Nor has all this work focused entirely on sites and artefacts, as shown by the review of early Postglacial vegetational history by Edwards and Ralston (1984) and by many other palaeoenvironment-oriented contributions by Edwards (e.g. 1989) and others, raising issues which are still subject to lively debate (Edwards 1996a; 2004; Kitchener et al. 2004; Tipping 1996; 2004; 2007).

Since Lacaille’s book (1954) various overviews or summaries of the Mesolithic in Scotland, in varying degrees of detail and styles of approach, have been published – Piggott and Henderson (1958), Atkinson (1962), Woodman (1978, 196–8), Mountain (1979), Ritchie and Ritchie (1981), Morrison (1980; 1986), Smith (1992), Wickham-Jones (1994), Finlayson and Edwards (1997), Finlayson (1998), Mithen (2000a), Saville (2004), and Warren (2005). Some regional summaries have also appeared (e.g. Bonsall 1997; Coles 1963; Kenworthy 1975; Ritchie and Ritchie 1972; Mercer 1979; Saville 2000; Scott 1966; Wickham-Jones and Firth 2000), of which those of the south-west by Morrison (1981; 1982) have been the most substantial. The Royal Commission on the Ancient and Historical Monuments of Scotland has also included several useful summaries of the Mesolithic evidence in some of its survey volumes, in particular the surveys of Stirlingshire (RCAHMS 1963, 18–20), the southern Inner Hebrides (RCAHMS 1984, 2–5), and eastern Dumfriesshire (RCAHMS 1997, 94–6).

Direct precursors of the present framework exercise were the reviews by Peter Woodman (1989), written at the invitation of the Society of Antiquaries of Scotland, and that by Noel Fojut (2006) of Historic Scotland. In subtitling his article ‘a plea for normality’, Woodman was referring to the past tendency to regard the Mesolithic in Scotland as marginal, late, obscure, and somehow irregular in comparison with the rest of mainland Britain. This criticism was justified to a degree, especially following the major influence Lacaille’s work had on perceptions of the Scottish Mesolithic, but perhaps overstated the case by concentrating too much on the ‘Obanian’ question. Nevertheless, and partly in response to Woodman’s comments on the priority which should attach to the Oban area, detailed survey work was undertaken (Macklin et al. 1992; 2000), another newly located rockshelter (Carding Mill Bay II) has been salvaged (Bonsall pers. comm.), and open-air Mesolithic locations have been located and sampled (Bonsall and Robinson 1992; Bonsall et al. 1993). Since then research projects focused on the east of Scotland (Finlayson and Warren 2000; Warren 1998; 2001; 2007) and Caithness and Orkney (Pannett 2001 and 2002; Pannett 2007; Pannett and Baines 2002; Wickham-Jones and Firth 2000; Woodward 2007 and 2008) have been mounted to counter the western bias in the Mesolithic database.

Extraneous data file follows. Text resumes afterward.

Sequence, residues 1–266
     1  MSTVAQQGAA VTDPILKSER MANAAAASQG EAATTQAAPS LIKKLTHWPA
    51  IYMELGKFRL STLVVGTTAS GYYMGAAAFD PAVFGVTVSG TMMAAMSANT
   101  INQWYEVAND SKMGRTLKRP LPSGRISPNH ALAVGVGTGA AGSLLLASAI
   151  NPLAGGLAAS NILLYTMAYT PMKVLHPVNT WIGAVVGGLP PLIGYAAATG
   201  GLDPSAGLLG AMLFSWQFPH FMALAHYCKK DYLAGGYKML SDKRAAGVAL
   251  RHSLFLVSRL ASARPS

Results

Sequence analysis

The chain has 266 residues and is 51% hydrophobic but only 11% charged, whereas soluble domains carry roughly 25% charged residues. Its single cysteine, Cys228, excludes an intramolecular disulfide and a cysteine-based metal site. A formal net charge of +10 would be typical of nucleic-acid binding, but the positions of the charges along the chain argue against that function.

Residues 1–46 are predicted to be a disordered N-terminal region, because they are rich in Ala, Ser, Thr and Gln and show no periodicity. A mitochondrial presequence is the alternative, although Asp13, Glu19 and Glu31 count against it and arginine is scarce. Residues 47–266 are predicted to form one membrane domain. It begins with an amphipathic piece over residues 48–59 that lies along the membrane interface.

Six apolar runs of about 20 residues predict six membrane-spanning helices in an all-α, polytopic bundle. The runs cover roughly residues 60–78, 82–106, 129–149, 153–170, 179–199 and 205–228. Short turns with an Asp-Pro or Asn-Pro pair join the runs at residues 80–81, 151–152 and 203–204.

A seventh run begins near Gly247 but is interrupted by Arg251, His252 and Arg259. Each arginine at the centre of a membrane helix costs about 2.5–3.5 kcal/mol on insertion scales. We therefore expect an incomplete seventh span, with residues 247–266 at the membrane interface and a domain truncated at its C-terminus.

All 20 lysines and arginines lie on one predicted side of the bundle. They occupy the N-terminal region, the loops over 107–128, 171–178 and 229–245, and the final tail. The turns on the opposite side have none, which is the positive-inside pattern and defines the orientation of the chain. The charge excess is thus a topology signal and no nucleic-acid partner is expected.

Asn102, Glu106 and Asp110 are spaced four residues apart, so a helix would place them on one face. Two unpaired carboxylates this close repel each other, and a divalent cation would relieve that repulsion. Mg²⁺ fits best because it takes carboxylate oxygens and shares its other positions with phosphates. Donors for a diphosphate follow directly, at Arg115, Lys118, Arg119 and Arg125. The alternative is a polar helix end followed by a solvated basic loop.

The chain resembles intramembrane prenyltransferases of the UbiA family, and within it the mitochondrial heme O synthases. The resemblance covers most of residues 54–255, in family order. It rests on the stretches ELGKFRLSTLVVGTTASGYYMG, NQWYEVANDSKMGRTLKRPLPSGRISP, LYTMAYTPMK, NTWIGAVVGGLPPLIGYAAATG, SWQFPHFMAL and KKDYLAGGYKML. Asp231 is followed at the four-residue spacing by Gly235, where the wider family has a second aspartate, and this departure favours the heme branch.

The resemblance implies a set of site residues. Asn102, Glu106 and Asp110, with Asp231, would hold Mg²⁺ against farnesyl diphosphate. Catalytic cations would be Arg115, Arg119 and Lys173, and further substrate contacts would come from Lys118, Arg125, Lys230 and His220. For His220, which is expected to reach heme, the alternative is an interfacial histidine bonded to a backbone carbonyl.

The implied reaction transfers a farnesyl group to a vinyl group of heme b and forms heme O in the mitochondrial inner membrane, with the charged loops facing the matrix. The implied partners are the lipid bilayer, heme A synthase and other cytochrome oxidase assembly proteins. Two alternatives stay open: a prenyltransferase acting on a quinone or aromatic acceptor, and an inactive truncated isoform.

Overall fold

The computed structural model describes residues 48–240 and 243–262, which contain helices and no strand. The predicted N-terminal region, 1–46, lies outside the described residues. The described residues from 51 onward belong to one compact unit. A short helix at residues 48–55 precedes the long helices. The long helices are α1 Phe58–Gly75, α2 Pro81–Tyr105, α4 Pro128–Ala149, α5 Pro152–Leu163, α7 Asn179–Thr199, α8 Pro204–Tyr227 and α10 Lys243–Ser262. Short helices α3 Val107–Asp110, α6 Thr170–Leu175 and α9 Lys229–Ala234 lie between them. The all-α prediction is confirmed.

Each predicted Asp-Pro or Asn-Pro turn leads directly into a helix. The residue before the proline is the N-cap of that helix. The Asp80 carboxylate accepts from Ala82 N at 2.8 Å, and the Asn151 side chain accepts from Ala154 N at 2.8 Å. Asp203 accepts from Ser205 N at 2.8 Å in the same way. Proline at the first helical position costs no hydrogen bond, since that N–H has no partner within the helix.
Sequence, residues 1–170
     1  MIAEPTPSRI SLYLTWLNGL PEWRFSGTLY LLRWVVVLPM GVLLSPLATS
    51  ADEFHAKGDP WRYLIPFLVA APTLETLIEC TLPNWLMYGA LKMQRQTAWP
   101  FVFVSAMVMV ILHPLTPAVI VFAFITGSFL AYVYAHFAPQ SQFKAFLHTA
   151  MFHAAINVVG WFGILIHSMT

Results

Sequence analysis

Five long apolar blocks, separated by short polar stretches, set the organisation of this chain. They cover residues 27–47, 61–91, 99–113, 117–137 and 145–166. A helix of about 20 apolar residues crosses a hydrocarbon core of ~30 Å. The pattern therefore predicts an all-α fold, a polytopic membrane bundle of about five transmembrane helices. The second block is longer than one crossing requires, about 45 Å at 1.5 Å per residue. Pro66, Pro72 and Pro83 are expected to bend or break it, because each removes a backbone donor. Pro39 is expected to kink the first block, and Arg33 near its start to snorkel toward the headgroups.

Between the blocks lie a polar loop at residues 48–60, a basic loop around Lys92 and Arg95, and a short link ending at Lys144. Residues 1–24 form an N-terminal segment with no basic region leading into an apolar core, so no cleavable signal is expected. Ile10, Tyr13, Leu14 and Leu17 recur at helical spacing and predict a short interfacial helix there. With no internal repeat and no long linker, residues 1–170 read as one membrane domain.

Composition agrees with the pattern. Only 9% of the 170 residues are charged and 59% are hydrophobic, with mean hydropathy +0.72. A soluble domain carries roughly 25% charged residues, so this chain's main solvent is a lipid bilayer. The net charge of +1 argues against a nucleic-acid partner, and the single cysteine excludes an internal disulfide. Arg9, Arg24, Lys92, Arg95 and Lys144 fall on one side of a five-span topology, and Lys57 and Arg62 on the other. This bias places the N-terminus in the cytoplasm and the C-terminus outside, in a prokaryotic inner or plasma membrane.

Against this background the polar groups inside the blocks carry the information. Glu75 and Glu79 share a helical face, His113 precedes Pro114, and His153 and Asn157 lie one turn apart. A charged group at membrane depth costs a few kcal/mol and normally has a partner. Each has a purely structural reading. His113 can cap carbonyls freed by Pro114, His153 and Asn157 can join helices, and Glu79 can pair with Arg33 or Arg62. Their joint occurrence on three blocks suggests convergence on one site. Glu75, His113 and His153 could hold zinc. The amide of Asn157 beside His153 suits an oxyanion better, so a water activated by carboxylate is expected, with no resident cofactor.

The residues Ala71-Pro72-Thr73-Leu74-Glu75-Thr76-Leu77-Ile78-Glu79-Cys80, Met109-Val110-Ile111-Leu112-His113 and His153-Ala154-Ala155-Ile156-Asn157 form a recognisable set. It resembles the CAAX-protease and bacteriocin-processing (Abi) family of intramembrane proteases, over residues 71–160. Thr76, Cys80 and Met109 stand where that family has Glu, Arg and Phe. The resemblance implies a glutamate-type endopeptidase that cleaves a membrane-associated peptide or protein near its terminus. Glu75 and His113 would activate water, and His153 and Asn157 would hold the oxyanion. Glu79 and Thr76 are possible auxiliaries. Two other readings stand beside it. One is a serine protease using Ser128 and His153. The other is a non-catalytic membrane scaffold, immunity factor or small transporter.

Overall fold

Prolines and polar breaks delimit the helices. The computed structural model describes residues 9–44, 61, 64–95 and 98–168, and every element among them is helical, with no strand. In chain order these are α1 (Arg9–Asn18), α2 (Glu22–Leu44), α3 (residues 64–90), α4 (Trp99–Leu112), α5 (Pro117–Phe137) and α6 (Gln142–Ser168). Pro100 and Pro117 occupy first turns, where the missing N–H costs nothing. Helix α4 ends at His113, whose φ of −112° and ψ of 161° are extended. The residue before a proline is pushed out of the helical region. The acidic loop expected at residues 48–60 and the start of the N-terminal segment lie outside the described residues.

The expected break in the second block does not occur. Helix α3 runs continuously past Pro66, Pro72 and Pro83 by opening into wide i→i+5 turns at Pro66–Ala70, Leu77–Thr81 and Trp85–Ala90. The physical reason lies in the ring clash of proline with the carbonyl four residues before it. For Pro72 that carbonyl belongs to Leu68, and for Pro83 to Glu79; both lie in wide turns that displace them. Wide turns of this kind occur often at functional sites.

Fojut’s (2006) review was prepared for an international symposium on early prehistoric archaeology and heritage management held in the Netherlands in 2002, but not published until 2006, and makes no mention of the advances in Mesolithic research covered by the publication of the Society’s own international conference on the Mesolithic (Saville 2004a), or indeed of Woodman’s (1989) review. Nevertheless, like Woodman’s, this overview of trends in Mesolithic research in Scotland in the 1980s and 1990s and it’s prospects contained some useful insights and alluded to many of the topics covered by the present ScARF report.

Apart from the ‘Obanian’, the other oft-quoted bias in Scottish Mesolithic studies towards coastal sites is being countered by numerous discoveries of inland and upland sites, as at Ben Lawers in Perthshire (Denison 2001a), Chest of Dee, Aberdeenshire (Fraser 2003), Loch Garten, Highland (Saville 2007), and the aforementioned sites around the Daer Reservoir in South Lanarkshire (Ward 1995; 1997; 2000a; 2010). And the true extent of Mesolithic inhabitation throughout the entire country is finally being resolved by new fieldwork and research in Orkney (e.g. Lee and Woodward 2009; Wickham-Jones and Downes 2007; Woodward 2007; 2008), Shetland (Melton 2005; 2008; Melton and Nicholson 2007), and the Western Isles (Edwards 2009; Edwards and Mithen 1995; Edwards and Sugden 2003; Gregory et al. 2005; Simpson et al. 2006). It may be only St Kilda that eluded people in the Mesolithic!